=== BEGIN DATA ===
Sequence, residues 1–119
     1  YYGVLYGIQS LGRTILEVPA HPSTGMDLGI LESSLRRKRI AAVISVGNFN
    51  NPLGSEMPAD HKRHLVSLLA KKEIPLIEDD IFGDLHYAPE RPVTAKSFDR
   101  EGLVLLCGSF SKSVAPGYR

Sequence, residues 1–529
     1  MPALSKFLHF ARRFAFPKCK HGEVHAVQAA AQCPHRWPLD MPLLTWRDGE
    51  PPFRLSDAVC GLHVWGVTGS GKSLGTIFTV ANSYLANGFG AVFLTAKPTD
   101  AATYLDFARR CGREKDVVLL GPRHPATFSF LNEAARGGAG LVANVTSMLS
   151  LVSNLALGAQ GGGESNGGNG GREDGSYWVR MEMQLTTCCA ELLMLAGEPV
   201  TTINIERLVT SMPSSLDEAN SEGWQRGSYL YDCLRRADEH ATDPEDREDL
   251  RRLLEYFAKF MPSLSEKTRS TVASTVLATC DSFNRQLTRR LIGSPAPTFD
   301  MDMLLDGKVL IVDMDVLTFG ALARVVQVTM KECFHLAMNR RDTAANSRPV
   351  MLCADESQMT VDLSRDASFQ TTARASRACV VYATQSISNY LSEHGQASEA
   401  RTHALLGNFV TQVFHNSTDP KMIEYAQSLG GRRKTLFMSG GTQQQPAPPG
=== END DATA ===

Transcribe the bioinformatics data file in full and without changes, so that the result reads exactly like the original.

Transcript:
Sequence, residues 1–119
     1  YYGVLYGIQS LGRTILEVPA HPSTGMDLGI LESSLRRKRI AAVISVGNFN
    51  NPLGSEMPAD HKRHLVSLLA KKEIPLIEDD IFGDLHYAPE RPVTAKSFDR
   101  EGLVLLCGSF SKSVAPGYR

Sequence, residues 1–529
     1  MPALSKFLHF ARRFAFPKCK HGEVHAVQAA AQCPHRWPLD MPLLTWRDGE
    51  PPFRLSDAVC GLHVWGVTGS GKSLGTIFTV ANSYLANGFG AVFLTAKPTD
   101  AATYLDFARR CGREKDVVLL GPRHPATFSF LNEAARGGAG LVANVTSMLS
   151  LVSNLALGAQ GGGESNGGNG GREDGSYWVR MEMQLTTCCA ELLMLAGEPV
   201  TTINIERLVT SMPSSLDEAN SEGWQRGSYL YDCLRRADEH ATDPEDREDL
   251  RRLLEYFAKF MPSLSEKTRS TVASTVLATC DSFNRQLTRR LIGSPAPTFD
   301  MDMLLDGKVL IVDMDVLTFG ALARVVQVTM KECFHLAMNR RDTAANSRPV
   351  MLCADESQMT VDLSRDASFQ TTARASRACV VYATQSISNY LSEHGQASEA
   401  RTHALLGNFV TQVFHNSTDP KMIEYAQSLG GRRKTLFMSG GTQQQPAPPG